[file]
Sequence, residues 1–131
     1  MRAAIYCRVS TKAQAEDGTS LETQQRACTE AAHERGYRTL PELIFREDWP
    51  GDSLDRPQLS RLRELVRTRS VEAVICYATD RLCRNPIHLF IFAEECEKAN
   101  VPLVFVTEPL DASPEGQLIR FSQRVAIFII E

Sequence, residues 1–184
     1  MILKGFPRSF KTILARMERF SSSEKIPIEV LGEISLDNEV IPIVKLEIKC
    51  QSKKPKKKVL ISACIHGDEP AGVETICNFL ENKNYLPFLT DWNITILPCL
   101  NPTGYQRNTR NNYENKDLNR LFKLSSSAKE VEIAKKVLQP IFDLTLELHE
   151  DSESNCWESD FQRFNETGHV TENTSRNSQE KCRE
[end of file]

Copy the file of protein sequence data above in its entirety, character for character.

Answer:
Sequence, residues 1–131
     1  MRAAIYCRVS TKAQAEDGTS LETQQRACTE AAHERGYRTL PELIFREDWP
    51  GDSLDRPQLS RLRELVRTRS VEAVICYATD RLCRNPIHLF IFAEECEKAN
   101  VPLVFVTEPL DASPEGQLIR FSQRVAIFII E

Sequence, residues 1–184
     1  MILKGFPRSF KTILARMERF SSSEKIPIEV LGEISLDNEV IPIVKLEIKC
    51  QSKKPKKKVL ISACIHGDEP AGVETICNFL ENKNYLPFLT DWNITILPCL
   101  NPTGYQRNTR NNYENKDLNR LFKLSSSAKE VEIAKKVLQP IFDLTLELHE
   151  DSESNCWESD FQRFNETGHV TENTSRNSQE KCRE